San Francisco 49ers

Three up, three down on 49ers’ Jimmy Garoppolo deal

New England Patriots quarterback Jimmy Garoppolo receives attention after an injury during the first half of an NFL football game against the Miami Dolphins, Sunday, Sept. 18, 2016, in Foxborough, Mass.
New England Patriots quarterback Jimmy Garoppolo receives attention after an injury during the first half of an NFL football game against the Miami Dolphins, Sunday, Sept. 18, 2016, in Foxborough, Mass. AP

The 49ers have acquired an intriguing, young quarterback who doesn’t have much NFL experience but who has been groomed in the best organization in the NFL under the best quarterback in the NFL. That’s perhaps the best way to characterize their trade for Jimmy Garoppolo: A lot of upside, but some notable question marks as well.

Three up

Winning characteristics. Garoppolo caught Kyle Shanahan’s attention prior to the 2014 draft and he has a lot of the attributes Shanahan wants: intelligence, fearlessness, a lightning quick release – maybe the fastest in the NFL – and light feet for moving around in the pocket. Most of all, he’s accurate and knows how to hit a receiver in stride. Garoppolo completed 66 percent of his passes as a senior at Eastern Illinois and 67 percent of them with the Patriots. During the most recent draft, Shanahan’s highest-rated quarterback was Mitch Trubisky, who went No. 2 overall to the Bears. Garoppolo is similar in a lot of ways to Trubisky.

Terrific tutor. Garoppolo played in a spread system in college at a small school against suspect competition. Over the last four years he’s learned how to run a huddle, how to take snaps from center, how to operate a play-action game. More important, he’s seen first-hand how Tom Brady operates. He’s seen the intensity and commitment it takes to be the best quarterback in the game. The upcoming draft is supposed to be rich with quarterbacks. The best ones, however, are underclassmen and would take time to adjust to the NFL. Garoppolo knows exactly what goes into the job.

A second-round pick. When the Browns were eyeing Garoppolo in the offseason, his price tag reportedly was a first-round pick. The 49ers got him for a second rounder, albeit one that likely will come at the top of the round. Still, the 49ers also have the Saints second rounder. And if they end up with one of the top three picks in the draft (which seems likely), they could deal that pick to a team that’s seeking a quarterback and land more draft picks. If for some reason Garoppolo doesn’t work out and the 49ers don’t sign him to a long-term deal, they would get a compensatory pick. That wouldn’t make up for their trade but would take away at least some of the sting.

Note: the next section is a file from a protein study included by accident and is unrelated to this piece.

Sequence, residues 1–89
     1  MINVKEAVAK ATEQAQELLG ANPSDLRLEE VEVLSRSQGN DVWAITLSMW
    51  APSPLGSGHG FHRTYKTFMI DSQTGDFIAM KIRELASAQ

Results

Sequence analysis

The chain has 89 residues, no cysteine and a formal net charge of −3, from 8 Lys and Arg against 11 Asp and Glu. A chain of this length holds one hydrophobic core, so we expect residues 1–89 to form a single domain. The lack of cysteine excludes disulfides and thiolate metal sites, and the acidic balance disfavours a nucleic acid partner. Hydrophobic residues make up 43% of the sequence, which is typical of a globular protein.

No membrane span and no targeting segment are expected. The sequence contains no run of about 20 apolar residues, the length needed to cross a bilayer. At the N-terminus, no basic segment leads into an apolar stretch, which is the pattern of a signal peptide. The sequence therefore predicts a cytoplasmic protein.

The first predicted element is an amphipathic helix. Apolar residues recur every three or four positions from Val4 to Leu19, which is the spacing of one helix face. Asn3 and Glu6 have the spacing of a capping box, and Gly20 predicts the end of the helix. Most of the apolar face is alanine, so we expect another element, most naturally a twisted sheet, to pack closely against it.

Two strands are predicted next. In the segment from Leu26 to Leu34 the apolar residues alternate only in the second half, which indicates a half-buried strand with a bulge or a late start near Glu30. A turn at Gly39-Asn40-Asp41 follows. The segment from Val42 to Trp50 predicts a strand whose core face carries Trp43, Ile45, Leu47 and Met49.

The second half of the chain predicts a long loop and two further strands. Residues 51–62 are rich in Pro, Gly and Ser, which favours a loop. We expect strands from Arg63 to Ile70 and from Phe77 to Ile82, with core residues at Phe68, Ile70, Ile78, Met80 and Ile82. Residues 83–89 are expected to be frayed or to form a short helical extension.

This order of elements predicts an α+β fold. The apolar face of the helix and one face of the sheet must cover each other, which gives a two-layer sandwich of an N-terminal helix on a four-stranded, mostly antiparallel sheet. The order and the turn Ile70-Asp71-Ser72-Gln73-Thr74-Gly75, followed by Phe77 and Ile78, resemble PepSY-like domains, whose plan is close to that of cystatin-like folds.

Three down

Sizing him up. Garoppolo isn’t huge. He’s slightly above 6-foot-2. He started two games in 2016 when Brady was serving a suspension, but was knocked out of the second before halftime due to a sprained AC joint in his shoulder. That’s notable since the 49ers’ starting tackles currently are a pair of guards, Zane Beadles and Erik Magnuson. The 49ers have given up 27 sacks so far; only the Indianapolis Colts have allowed more (33). And that’s mostly with Joe Staley and Trent Brown at tackle. Staley (eye socket) will be out until at least Nov. 26.

Little experience. Because of Brady’s iron-man qualities, Garoppolo has attempted only 94 regular-season passes. Similarly sized Kelly Holcomb and Austin Davis also looked good in their initial starts. They did not once NFL defenses figured them out. During his brief role as starter in 2016, Garoppolo was running a team that eventually would win the Super Bowl. He’s gone from a Super Bowl team to team in line to coach the Senior Bowl team. How will he fare on an 0-8 squad?

Why trade now? It seems clear that the Patriots were not going to be able to keep both Brady and Garoppolo next season. So why didn’t the 49ers just wait until free agency and try to land Garoppolo then, which would have saved them their second-round pick? Perhaps San Francisco didn’t want to get into a bidding war with other teams. Still, it seems that by trading for Garoppolo without an extension in hand, the quarterback and his agent, Don Yee, now have a lot of leverage.

Matt Barrows: @mattbarrows, read more about the team at

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